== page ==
(left to right) Louise Heck, Melissa Shulga, Mayor Brian Taylor, Ann Howard, Moderator Michael Strukoff, Dianna Darling, ANKORS representative, Amber Esovoloff, Svetlana Dalla Lana (Alex Alan, MyGrandForksNow.com staff)
A community meeting Wednesday night in Grand Forks saw a packed Perley-gymnasium. The event was hosted by Citizens for a Better Grand Forks, and featured a moderator and an agenda. A plethora of organizations were invited in wake of local decisions regarding social support services, including ANKORS, Boundary Family Services, and more. BC Housing Regional Director Ann Howard was also present. RCMP, Interior Health, and Bylaw Enforcement were unable to attend.
Melissa Shulga with Whispers of Hope was asked about plans to enforce rules at the new community kitchen location:
“One of the things that we tend to do is of have staff and volunteers monitoring the space to ensure that it is upheld and the rules are there, we are also going to be including surveillance so that not only can we be providing more insight for our operations during the day but we can also be providing more protection and surveillance for that corner of the neighbourhood.”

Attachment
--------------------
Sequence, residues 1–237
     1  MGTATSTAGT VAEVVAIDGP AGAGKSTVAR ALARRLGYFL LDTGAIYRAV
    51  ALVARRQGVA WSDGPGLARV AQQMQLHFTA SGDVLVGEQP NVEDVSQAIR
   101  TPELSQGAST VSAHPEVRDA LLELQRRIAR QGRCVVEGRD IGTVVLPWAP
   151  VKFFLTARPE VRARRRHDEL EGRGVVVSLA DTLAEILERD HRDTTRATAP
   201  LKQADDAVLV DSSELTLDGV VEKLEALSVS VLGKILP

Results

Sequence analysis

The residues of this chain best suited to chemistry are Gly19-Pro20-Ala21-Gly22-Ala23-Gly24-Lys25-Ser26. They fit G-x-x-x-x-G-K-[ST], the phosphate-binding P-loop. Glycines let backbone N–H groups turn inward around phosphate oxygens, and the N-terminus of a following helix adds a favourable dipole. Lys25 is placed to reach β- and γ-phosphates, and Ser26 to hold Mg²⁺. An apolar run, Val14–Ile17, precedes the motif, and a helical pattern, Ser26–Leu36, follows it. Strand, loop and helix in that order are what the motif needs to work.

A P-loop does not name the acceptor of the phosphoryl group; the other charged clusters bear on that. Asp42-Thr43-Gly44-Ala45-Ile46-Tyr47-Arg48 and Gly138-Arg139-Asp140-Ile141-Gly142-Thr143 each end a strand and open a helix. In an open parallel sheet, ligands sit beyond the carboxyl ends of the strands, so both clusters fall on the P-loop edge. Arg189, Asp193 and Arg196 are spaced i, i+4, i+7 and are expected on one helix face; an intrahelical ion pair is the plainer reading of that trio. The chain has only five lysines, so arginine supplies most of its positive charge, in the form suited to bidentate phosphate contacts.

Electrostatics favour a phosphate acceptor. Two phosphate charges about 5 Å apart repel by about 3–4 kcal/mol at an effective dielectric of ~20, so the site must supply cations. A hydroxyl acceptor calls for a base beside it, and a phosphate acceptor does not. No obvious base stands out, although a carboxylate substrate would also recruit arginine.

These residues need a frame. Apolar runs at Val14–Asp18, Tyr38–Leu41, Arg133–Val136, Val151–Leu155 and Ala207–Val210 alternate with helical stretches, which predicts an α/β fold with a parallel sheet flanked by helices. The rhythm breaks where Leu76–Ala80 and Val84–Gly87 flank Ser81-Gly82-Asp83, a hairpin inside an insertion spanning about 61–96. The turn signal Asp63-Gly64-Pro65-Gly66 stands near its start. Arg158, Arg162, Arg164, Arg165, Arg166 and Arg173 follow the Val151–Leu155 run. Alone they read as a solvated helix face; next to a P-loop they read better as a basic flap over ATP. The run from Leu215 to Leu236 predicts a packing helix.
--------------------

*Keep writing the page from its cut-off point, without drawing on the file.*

Louise Heck with the Warming Centre was asked who is on the Centre’s board:
“The Warming Centre operates under the board of Whispers of Hope, it will continue to operate under the board of Whispers of Hope at least until the end of June, that will be after our AGM, and that will give time…. for the new board to determine whether or not they can continue the administrative services.”
Heck adds the Warming Centre sleeps 10 people per night, and feeds 20 per day. The Centre is also said to support flood victims.
Mayor Brian Taylor was asked how the city would lead the charge in fixing community woes, specifically around providing social services:
“BC Housing’s budget for support services for the two programs, 2nd Street and 19th Street, is almost $2-million a year so there’s a lot of that support too that we’re going to see plugged into these services….”
He later asked the public how they’d feel about a more dramatic approach:
“Okay, I’m asking the question, how many people would like to see a drug maintenance program in Grand Forks?”
The meeting’s moderator concluded the night’s conversations saying the community seems to lean towards wanting more open communication, and inter-agency coordination. He adds that leaders need to come together to tackle these issues, and there are no short-term solutions.